21 Up: New Generation, BBC1 - TV review: A more diverse Britain is worth celebrating


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Michael Apted's original Up series still stands as the greatest documentary achievement in British television history. But as of 2012's eighth episode, the original participants had all reached their fifties, so it stands to reason that the BBC would see an opportunity for a youthful twist.

21 Up: New Generation (BBC1) is the third instalment of this second cycle, first aired to coincide with the millennium. Like the original, it features 14 participants, selected to reflect contemporary Britain and filmed at intervals of seven years.

A summary alone should give you a sense of how much Britain has changed over the past half-century. Apted's 14 included three boys from the same prep school, but only four girls and one non-white participant – arguably a fair representation of British public life in 1964. As they teeter on the brink of adulthood, director Julian Farino's new batch are students and full-time workers, deeply religious Christians and lapsed Muslims, anti-sectarian activists and party animals. They are of Nigerian, Pakistani and Romanian descent and hail from all corners of the United Kingdom. As such, these two films (the concluding part airs tonight) not only reflects a more diverse country, but also a media culture that feels bound to reflect that diversity.

One of the most cheering transformations in the past seven years was that of Ryan from Bolton. At 14 he seemed depressed about the limitations cerebral palsy might place on his future. At 21 he's driving confidently towards that future in his own car and turning his love of physical activity into a fulfilling career in sports.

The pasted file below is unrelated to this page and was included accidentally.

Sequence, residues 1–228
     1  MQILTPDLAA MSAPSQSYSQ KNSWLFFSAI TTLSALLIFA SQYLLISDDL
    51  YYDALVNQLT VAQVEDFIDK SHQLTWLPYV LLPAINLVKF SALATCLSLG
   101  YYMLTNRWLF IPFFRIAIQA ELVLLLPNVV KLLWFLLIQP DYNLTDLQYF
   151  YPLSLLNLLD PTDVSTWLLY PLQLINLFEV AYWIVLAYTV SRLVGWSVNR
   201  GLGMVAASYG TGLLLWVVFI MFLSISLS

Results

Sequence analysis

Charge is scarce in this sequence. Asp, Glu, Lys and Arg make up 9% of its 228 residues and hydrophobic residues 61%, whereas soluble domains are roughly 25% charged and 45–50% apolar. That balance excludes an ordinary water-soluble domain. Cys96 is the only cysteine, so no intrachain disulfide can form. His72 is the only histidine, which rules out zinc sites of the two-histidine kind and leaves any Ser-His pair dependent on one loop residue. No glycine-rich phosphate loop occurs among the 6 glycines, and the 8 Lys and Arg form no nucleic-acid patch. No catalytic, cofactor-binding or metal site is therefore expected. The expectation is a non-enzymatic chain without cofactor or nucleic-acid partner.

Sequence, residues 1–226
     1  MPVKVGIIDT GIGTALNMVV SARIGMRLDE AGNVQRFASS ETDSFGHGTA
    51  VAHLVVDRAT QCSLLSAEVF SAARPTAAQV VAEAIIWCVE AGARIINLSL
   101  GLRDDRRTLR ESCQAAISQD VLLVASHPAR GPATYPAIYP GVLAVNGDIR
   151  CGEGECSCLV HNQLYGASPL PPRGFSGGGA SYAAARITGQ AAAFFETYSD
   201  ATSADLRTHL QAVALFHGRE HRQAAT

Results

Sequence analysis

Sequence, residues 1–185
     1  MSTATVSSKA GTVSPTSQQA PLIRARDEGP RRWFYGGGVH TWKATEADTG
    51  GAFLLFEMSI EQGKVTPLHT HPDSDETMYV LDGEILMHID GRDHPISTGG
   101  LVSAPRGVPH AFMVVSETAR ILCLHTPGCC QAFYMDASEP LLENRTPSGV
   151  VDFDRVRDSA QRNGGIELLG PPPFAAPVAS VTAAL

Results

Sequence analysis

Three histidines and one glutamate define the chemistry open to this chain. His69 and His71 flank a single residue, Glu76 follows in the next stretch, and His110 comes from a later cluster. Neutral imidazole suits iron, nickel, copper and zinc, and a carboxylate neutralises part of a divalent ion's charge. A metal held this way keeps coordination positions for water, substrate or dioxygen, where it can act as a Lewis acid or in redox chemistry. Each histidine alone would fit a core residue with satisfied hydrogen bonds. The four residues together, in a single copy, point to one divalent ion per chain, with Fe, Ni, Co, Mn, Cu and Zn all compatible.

Ryan also shared with his contemporaries an emotional sophistication that wasn't really evident in the original series. They discussed divorced parents, recent bereavements and dashed dreams with the kind of calm insight it's supposed to take several years of therapy to acquire. Science student Orala and jet-setter Alexandra are prioritising self-improvement over romance. Builder John and computing student Jamie pride themselves on their financial self-sufficiency. Oliver and Stacey have already upped sticks and moved half way around the world.

But for all their maturity, these millennials are deferring many of the milestones that once marked the onset of adulthood. Marriage isn't on anyone's radar and many, including independent thinker Asif, are determined to live life according to their own inclinations, whatever the rest of the world might say.

As for the premise-inspiring Jesuit saying – "Give me a child until he is seven and I will give you the man" – it's proving a little more complicated than that. While class and money clearly still play their part, the paths of individual lives can be reassuringly unpredictable.